Women's pensions campaigners take case to Welsh Assembly
Women who say they have been left in financial hardship as a result of pensions changes brought their campaign to AMs on Wednesday.
Campaigners, born in the 1950s, say a move to equalise the state pension age was brought in without enough notice to change their retirement plans.
Plaid Cymru has called for the Welsh Government to lobby their case with the UK Treasury.
UK government said it has already made concessions.
It is refusing to make further changes, which it says would be costly.
The issue is due to go to the courts later this year when judges will decide on the lawfulness of the way the change was implemented.
Up until 2010 women received their state pensions at the age of 60, but that has been rising ever since.
The current state pension age is 65 for men and women, and will rise steadily to 67 by 2028.
Sally Hyman, who is 63, said she had not thought the pension changes would affect her at all "because we got absolutely no notice about it".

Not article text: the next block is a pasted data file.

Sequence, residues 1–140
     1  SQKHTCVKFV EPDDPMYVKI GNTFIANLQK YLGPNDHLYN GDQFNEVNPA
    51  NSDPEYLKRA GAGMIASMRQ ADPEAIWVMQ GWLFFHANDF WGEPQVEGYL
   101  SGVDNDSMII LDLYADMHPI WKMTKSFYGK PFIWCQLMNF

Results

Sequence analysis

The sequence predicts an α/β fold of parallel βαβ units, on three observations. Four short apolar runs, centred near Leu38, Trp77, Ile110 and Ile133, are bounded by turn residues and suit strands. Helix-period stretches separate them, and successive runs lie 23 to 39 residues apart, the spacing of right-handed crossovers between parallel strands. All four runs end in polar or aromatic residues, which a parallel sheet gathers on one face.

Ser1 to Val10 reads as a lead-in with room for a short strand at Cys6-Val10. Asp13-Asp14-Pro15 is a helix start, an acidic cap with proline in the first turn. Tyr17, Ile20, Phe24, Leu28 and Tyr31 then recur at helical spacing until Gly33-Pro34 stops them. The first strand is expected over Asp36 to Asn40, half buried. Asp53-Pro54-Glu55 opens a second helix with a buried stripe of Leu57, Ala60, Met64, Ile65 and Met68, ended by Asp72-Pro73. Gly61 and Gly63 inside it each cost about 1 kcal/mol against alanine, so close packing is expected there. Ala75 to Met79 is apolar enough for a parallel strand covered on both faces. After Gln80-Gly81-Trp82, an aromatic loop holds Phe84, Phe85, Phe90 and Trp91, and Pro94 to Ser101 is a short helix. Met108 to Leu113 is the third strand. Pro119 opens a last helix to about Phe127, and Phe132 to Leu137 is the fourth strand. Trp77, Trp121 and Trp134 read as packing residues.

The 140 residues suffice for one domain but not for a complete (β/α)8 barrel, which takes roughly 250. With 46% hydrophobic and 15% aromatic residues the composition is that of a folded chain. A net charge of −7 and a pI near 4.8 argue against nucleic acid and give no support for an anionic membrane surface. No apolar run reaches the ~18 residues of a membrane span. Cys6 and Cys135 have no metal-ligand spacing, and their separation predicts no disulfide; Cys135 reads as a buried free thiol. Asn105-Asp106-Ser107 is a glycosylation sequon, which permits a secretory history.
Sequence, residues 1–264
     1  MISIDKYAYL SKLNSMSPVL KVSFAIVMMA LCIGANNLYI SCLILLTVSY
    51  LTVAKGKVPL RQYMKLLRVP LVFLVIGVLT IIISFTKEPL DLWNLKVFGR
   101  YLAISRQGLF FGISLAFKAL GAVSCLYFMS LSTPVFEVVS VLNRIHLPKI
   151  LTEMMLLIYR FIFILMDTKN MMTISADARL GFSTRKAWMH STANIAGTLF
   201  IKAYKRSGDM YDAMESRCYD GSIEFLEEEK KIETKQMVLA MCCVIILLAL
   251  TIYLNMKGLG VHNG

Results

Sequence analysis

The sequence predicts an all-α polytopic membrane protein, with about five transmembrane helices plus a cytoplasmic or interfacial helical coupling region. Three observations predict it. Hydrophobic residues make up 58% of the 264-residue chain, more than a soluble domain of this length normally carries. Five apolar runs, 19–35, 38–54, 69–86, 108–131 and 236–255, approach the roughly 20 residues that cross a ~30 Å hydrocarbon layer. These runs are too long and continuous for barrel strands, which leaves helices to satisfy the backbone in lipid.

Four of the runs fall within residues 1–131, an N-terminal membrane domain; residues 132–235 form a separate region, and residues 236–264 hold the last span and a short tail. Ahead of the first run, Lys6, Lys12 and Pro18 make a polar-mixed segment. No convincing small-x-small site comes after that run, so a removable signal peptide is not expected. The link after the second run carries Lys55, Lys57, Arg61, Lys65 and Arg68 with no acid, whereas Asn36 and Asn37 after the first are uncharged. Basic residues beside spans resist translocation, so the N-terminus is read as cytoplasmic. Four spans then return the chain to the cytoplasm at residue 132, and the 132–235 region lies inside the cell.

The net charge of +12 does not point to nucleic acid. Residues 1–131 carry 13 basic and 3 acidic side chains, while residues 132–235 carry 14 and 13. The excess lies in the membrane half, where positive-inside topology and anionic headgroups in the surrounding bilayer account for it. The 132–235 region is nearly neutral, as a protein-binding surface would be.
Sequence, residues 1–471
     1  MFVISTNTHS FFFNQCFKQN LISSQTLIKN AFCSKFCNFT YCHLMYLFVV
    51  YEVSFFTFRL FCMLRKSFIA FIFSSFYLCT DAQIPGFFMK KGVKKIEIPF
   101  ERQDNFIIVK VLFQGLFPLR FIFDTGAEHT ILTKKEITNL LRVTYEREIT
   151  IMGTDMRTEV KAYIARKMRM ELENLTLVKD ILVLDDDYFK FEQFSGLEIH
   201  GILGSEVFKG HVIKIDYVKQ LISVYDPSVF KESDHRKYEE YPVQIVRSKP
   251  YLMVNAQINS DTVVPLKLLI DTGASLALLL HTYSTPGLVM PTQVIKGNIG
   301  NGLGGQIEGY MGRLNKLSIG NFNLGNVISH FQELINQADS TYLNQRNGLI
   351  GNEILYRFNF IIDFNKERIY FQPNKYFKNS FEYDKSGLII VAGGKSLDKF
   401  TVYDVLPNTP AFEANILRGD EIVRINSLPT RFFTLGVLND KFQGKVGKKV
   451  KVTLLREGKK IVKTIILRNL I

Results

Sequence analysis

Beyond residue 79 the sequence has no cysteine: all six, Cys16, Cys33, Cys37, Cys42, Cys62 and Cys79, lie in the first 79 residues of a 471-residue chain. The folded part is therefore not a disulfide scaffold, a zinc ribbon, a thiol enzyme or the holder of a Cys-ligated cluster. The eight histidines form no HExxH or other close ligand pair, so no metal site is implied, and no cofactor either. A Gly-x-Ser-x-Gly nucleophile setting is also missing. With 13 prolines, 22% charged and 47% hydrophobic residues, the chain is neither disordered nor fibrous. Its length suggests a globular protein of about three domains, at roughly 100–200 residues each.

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Ms Hyman called for the UK government to look at individual cases.
"I was made redundant, and at that time I didn't realise that my pension had changed," she said.
"I've lost approximately £48,000 in pension. I'm having to dip into the savings that I thought would be there for future generations."
She said many women do not have savings and are having to continue working.
"The important thing is I've paid for this. I paid in, and the government won't pay out."
"We had no letter, no notice, and no we've got no pension."
Plaid Cymru called for compensation to be given to the women affected.
In a vote a majority of AMs called for the Welsh Government to consider what action it could take in relation to the case against the Department for Work and Pensions.
Helen Mary Jones, Plaid AM for Mid and West Wales, said: "This fiasco has caused retirement plans to be shattered and women who have planned and saved for their retirement are living on dwindling limited savings until they reach their new State Pension Age when the only income they will have left will be their State Pension.
"The consequences of this poor implementation and communication are likely to be poverty, loss of independence and financial security, or ill health."